I have enough to say for three posts! I hate to overwhelm anyone with a ridiculously long post so I'll divide it up into bite sized chunks. Speaking of bite sized, have you seen the beautiful miniature sweets that Vicki's (Turkey Feathers) daughter, Grace makes. Go now, I'll be here when you get back......Oh my goodness!! Do you want a donut now or what? Grace is following beautifully in her amazing mom's footsteps.
OK part one, a follow up to yesterdays mini tutorial post. I tend to over think everything. After I published that post I went to bed and couldn't sleep worried that I had left something out or been more confusing than helpful. This morning I got the book out to look over the pattern again. I saw something I had never seen before as much as I had studied this pattern. Or should I say I looked at one of the illustrations with a different perspective. This one:
I must have looked at this same drawing 50 times and never "got" what it was telling you to do. I even emailed this wise lady to ask her some questions. When I first saw this picture it looked like you cut and quilted each strip individually, then sewed them together, and I guess that is what this picture shows but not the way I imagined. I imagined cutting batting for each strip, quilting the strip and sewing a bunch of quilted strips together. That would make some bulky seams, I thought. So I have been doing it the way I demonstrated in yesterdays post. Cut the strips, sew them together and then machine quilt. This morning it dawned on me that what this picture shows is you start with a square of batting, sew one long side of the first strip to the batting with the right side down, flip it back right side up and quilt, then the next strip and so on until you have all 8. Duhh. So I tried it this way. I don't know if it is because I have become accustomed to doing it the other way but I don't like the book's method. My final piece was crooked and all out of shape. For the back piece I sewed the strips together and basted them to a piece of batting slightly larger and quilted starting at the center working to either side. Much better.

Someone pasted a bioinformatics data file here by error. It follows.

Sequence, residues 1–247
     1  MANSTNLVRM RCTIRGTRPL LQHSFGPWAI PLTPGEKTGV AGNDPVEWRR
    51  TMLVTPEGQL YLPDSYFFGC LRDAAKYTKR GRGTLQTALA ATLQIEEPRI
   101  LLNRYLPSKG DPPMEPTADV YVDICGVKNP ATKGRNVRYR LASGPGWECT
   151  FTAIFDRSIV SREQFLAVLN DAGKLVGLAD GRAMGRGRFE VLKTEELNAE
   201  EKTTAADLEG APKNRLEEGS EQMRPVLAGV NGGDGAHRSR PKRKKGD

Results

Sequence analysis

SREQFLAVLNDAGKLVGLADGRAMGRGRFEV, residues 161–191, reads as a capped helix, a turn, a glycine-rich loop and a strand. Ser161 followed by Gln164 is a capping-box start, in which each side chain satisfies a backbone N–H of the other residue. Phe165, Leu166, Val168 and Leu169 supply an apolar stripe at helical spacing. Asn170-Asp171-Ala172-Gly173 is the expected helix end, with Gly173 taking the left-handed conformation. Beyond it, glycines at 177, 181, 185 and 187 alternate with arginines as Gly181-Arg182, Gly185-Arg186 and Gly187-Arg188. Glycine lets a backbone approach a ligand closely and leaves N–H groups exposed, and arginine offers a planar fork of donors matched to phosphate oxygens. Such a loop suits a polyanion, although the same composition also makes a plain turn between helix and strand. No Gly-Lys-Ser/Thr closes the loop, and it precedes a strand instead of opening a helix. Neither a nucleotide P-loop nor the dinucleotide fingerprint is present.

A second follow up to yesterdays post. I used the mitered square to make a pillow cover and thought I would share that with you too. I know you experienced sew-ers will find this very elementary but for a beginner it is a great project. You veterans are excused now.
This is going to be a cover for an 18" square pillow. The top I made yesterday is 19" square.
I start by cutting a piece 19" by 27"
Cut that into two pieces (19" x 13" and 19" x 14")
Press and stitch a double turned hem on one long side of each piece.
Lay the top piece down with right side up. Place the back pieces right side down with the hemmed edged overlapping in the center. Pin around all sides and stitch all the way around.
Clip the corners to reduce bulk so the corners will be sharp when turned.
Turn right side out and insert pillow form.
Easy as pie!!
You can also add a ribbon or buttons to the back to dress it up.